If the terrorists of Hamas and Fatah were tiny and relatively harmless factions without a following in Palestinian society, Eldar and Friedman might well be right to deride Israel for fearing a barbarian threat from extremists. But as both of them well know, it is Fayyad and the fraction of the Palestinian public that supports “Fayyadism” — as Friedman likes to call it — that is the minority phenomenon and the supporters of violence and rejection of Israel’s legitimacy that are the overwhelming majority. That’s why Abbas and Fayyad (who has lately tried to burnish his image in the Palestinian street by staging public burnings of Israeli goods he wants his people to boycott) won’t negotiate directly with Israel and actually turned down the offer of a state that included the Arab neighborhoods of Jerusalem as well as Gaza and the West Bank from Netanyahu’s predecessor Ehud Olmert only two years ago. They know that if they ever accepted an Israeli peace offer, their future in Palestinian politics, not to mention their lives, would be in great danger.

Far from fearing a barbarian threat that no longer exists, the real barbarians are still very much at Israel’s gate and have their hands around the throats of Palestinian moderates. Until that changes, far from being the truth-telling realists they claim to be, Friedman and Eldar remain mere fantasists with an ideological axe to grind against Netanyahu.

Read Less

What an Economist Thinks Poetry Is

There’s an eye-opening profile of Paul Krugman, the economist and lickspittle New York Times columnist, in the New Yorker this week. (Among its revelations: He became an economist owing to a character in an Isaac Asimov novel; his future wife was so angry when Ronald Reagan was elected president that she left the country for England; and he thought his life was in danger because people wrote him angry e-mails about some columns after 9/11.)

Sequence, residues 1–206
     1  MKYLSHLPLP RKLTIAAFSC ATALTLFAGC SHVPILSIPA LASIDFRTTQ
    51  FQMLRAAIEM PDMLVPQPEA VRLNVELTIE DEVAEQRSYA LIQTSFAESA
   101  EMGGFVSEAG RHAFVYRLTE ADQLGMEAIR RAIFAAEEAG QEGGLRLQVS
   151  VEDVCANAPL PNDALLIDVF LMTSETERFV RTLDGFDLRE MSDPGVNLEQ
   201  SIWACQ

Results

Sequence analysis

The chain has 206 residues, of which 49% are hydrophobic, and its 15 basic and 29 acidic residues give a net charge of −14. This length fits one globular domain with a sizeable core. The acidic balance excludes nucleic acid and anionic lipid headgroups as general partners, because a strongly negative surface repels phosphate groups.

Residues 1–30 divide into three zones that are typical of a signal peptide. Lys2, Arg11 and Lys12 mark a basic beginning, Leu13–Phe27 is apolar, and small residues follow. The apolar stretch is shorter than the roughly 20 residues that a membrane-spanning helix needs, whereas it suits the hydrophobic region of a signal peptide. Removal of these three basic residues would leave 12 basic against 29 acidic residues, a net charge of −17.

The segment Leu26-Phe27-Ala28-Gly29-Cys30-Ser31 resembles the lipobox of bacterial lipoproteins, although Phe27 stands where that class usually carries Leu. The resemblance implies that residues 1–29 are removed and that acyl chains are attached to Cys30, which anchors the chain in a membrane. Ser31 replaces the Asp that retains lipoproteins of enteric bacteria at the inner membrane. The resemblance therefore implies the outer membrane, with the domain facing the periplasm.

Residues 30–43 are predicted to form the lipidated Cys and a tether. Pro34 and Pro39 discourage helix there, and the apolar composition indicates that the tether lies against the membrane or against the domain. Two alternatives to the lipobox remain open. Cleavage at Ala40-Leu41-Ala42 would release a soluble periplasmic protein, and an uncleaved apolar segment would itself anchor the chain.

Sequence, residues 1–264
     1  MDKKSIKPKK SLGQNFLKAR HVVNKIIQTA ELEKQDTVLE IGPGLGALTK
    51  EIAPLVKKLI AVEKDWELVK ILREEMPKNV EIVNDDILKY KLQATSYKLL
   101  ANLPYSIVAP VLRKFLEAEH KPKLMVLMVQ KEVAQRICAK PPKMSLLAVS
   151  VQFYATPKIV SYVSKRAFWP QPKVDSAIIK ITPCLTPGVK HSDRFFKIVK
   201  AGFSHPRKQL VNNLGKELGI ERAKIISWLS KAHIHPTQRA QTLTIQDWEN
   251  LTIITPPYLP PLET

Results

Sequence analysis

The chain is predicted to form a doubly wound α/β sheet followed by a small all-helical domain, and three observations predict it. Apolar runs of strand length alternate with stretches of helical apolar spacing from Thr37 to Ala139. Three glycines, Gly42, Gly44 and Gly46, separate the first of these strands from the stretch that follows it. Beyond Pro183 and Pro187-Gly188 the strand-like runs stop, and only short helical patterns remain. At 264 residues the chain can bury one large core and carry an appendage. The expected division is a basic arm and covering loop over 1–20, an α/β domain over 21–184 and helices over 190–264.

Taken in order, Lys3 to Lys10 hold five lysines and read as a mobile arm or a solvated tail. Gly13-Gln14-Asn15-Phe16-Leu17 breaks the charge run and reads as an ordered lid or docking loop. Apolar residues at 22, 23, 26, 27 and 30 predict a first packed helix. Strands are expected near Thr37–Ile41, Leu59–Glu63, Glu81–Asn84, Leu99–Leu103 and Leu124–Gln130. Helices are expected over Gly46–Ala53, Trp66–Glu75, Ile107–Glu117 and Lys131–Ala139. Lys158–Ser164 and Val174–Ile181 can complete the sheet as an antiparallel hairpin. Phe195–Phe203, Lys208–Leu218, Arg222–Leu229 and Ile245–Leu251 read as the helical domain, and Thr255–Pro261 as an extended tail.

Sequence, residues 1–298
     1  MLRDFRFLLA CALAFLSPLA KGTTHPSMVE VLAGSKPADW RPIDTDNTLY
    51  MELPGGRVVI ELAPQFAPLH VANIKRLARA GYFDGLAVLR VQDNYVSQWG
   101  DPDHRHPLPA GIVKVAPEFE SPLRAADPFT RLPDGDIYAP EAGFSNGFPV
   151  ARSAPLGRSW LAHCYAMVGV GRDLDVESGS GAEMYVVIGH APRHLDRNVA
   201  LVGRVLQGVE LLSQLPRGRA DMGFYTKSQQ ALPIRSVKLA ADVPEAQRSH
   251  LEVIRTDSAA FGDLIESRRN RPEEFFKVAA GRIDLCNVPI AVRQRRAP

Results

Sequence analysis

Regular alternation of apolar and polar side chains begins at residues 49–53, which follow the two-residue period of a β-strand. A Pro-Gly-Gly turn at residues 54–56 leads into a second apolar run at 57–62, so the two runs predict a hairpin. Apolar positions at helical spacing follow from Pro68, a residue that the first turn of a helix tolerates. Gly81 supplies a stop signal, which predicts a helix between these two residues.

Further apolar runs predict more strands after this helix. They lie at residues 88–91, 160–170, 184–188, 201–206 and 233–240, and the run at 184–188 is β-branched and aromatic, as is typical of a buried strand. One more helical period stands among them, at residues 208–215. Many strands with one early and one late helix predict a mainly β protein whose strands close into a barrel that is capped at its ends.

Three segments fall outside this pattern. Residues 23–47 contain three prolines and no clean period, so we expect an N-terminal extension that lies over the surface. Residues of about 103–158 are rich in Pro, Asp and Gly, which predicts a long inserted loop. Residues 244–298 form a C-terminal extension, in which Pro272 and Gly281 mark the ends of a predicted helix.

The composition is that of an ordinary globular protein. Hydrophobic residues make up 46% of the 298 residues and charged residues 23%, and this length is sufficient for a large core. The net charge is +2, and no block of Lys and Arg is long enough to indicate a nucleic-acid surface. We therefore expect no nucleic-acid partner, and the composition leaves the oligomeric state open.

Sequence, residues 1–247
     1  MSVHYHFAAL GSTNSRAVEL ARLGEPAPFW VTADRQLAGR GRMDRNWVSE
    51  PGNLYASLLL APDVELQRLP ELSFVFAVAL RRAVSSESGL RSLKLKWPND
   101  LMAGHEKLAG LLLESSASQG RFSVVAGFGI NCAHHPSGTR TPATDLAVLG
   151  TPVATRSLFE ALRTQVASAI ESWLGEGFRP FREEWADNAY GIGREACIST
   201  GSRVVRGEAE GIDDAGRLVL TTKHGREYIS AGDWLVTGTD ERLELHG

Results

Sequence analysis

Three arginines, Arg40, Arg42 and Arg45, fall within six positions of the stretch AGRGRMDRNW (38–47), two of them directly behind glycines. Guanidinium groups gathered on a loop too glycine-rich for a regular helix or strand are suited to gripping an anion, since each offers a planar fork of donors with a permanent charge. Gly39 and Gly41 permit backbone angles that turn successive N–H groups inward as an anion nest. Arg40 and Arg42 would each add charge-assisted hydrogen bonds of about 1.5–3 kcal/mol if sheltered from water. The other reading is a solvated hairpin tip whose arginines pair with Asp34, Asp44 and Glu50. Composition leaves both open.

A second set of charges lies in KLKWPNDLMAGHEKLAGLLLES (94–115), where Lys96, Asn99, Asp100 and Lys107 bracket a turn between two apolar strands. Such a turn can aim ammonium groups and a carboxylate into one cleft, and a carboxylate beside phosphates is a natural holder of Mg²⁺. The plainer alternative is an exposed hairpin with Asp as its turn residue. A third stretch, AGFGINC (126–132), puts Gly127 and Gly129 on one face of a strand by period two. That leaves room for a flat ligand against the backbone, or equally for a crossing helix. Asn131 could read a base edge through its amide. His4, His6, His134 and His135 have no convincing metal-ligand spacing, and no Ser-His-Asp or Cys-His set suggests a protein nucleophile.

The most interesting detail in the piece has to do with Krugman’s academic work, which won him a Nobel Prize. Evidently, it is actually entirely commonsensical and not all that surprising in its exploration of the reasons why some businesses develop in certain places — but it was outside the norm for academic economists and so it blew them away. His particular gift, according to the piece, was his ability to translate lucid ideas into mathematical formulae; you would think the reverse would be the case for a genuinely significant contribution to the world of ideas, but never mind. Here is the Harvard economist Kenneth Rogoff describing Krugman’s accomplishment:

“It’s poetry,” Kenneth Rogoff, an economist at Harvard, says. “I mean, you go back to his first book and there was this beautiful chart about what the Volcker contraction did to output that swept aside so much—he just drew this little graph which really cleared the air. I’ve heard economists use the word ‘poet’ in describing him for decades.”

Yes. A beautiful chart about the Volcker contraction. That’s just what I think of when I see the word poetry.

There’s an eye-opening profile of Paul Krugman, the economist and lickspittle New York Times columnist, in the New Yorker this week. (Among its revelations: He became an economist owing to a character in an Isaac Asimov novel; his future wife was so angry when Ronald Reagan was elected president that she left the country for England; and he thought his life was in danger because people wrote him angry e-mails about some columns after 9/11.)